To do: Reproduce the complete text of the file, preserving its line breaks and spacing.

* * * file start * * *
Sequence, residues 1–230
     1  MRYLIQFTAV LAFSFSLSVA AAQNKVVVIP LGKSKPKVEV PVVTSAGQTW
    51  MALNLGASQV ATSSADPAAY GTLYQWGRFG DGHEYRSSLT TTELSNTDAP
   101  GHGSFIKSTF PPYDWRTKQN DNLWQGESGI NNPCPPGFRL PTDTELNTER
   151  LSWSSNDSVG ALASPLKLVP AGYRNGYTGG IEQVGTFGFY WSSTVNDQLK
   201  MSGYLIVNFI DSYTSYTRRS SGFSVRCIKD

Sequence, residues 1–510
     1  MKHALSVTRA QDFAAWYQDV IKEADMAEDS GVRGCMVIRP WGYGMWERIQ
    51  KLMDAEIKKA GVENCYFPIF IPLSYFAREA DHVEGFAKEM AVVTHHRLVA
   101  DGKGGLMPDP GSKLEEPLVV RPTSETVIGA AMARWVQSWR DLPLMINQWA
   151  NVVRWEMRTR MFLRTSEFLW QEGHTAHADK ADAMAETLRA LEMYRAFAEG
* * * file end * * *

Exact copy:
Sequence, residues 1–230
     1  MRYLIQFTAV LAFSFSLSVA AAQNKVVVIP LGKSKPKVEV PVVTSAGQTW
    51  MALNLGASQV ATSSADPAAY GTLYQWGRFG DGHEYRSSLT TTELSNTDAP
   101  GHGSFIKSTF PPYDWRTKQN DNLWQGESGI NNPCPPGFRL PTDTELNTER
   151  LSWSSNDSVG ALASPLKLVP AGYRNGYTGG IEQVGTFGFY WSSTVNDQLK
   201  MSGYLIVNFI DSYTSYTRRS SGFSVRCIKD

Sequence, residues 1–510
     1  MKHALSVTRA QDFAAWYQDV IKEADMAEDS GVRGCMVIRP WGYGMWERIQ
    51  KLMDAEIKKA GVENCYFPIF IPLSYFAREA DHVEGFAKEM AVVTHHRLVA
   101  DGKGGLMPDP GSKLEEPLVV RPTSETVIGA AMARWVQSWR DLPLMINQWA
   151  NVVRWEMRTR MFLRTSEFLW QEGHTAHADK ADAMAETLRA LEMYRAFAEG